A few years ago, while attending a conference in Atlanta, my laptop was stolen. I should elaborate. I walked away from a table, right outside my hotel's ballroom where I had been working on my laptop, to step back into the large meeting space and observe one of the speakers.
When I returned to the table, my laptop was gone. Everything you expect to happen, happened next. Hotel security was called, a Police Department report was made, and I was given the necessary paperwork for my insurance company.
In the midst of all that, one other thing happened. I was blamed for the theft. As in... 'what did you expect when you walked away and left your laptop?'
These words likely do not come as a surprise to many reading this. In fact, they are likely the very words you were thinking yourselves.
But those words came as a surprise to me for several reasons. The words did not come from hotel security or other hotel staff. They did not come from the police officers. Nor, did they come from any of the conference organizers or attendees.
No. These words came from the mouth of a woman I respect and admire. A woman who has given 30 years to movements for equity and justice. A woman with whom I have a close, personal relationship and a woman who I know generally understands and eschews victim-blaming. These words came from my friend.
I don't repeat this to put my friend on blast. Many of us in friendships say the wrong thing at a given moment or we blow it by not recognizing what is needed from us in a given moment. I have been guilty of this behavior myself.
I repeat those words here to illustrate the powerful forces that compel us to blame ourselves and one another when wrongs are done to us.
The result of living in a patriarchal society, one that devalues women's bodies, feminine bodies, and gender non-conforming bodies, is that those bodies can be harassed, stalked, beaten and raped by men (though not exclusively) simply because they make the decision to do so.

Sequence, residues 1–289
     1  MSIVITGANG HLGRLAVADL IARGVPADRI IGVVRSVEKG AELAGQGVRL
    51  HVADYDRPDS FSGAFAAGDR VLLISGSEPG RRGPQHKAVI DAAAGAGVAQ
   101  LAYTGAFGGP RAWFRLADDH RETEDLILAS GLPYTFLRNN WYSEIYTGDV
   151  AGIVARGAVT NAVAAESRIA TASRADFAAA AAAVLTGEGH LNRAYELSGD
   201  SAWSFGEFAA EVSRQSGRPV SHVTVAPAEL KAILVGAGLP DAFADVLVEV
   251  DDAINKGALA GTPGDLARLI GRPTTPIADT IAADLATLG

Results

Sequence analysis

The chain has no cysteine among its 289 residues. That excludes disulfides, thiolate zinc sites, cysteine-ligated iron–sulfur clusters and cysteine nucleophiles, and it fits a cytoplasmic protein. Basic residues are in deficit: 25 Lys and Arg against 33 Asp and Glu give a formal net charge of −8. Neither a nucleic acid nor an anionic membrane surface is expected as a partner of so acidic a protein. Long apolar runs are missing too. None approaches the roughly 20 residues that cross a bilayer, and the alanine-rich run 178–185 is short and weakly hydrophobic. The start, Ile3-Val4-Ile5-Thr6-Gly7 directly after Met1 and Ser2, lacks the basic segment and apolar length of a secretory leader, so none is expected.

This reality is far too scary to live with. So, we have devised a coping strategy to feel less vulnerable in the world.
If we can dissect every act of violence by focusing on the behavior of the victim. Then we can convince ourselves that if we are never engaging in any of those observed behaviors, then bad thing X cannot happen to us.
To be clear, most men will never make the decision to cause this kind of harm. Yet the impact of power-based violence has caused us to develop this coping strategy.
One of the most difficult things about working with survivors of violence is helping them cope with the internal and external blame. Yes. Victims blame themselves as much as we blame them.
This is my 18th year as part of the movement to end power-based violence.
This means 18 years of Take Back the Nights, Speak Outs and Sexual Assault Awareness Month Events.
As with any long-term work, one is likely to go through periods of divestment and reinvestment and perhaps, fatigue from working toward something for the better part of 20 years and seeing little change.
I honor and respect to the work of the women who came before me and the brilliant, politically engaged young people who come with and after me.
I never harbored any illusions that the work of eliminating power-based violence was anything but long-term but as I look back, I can identify one area in particular that makes this work challenging and perpetually necessary. It is the area of victim blaming and it is an area about which we can do something.
We can stop.
We can ask ourselves why we need to victim-blame in that moment and who it serves when we do.
We can't let perpetrators off the hook by diverting our attention to the behaviors of the victim and away from the behavior of the person responsible for causing harm.
We can support survivors of power-based violence by understanding they self-blame and extending compassion and empathy to them.
This post is part of a series produced by The Huffington Post and Take Back the Night in conjunction with Sexual Assault Awareness Month. To learn more about Take Back the Night and how you can help prevent sexual violence, visit here. Read all posts in the series here.
Need help? In the U.S., call 1-866-331-9474 or text "loveis" to 77054 for the National Dating Abuse Helpline.
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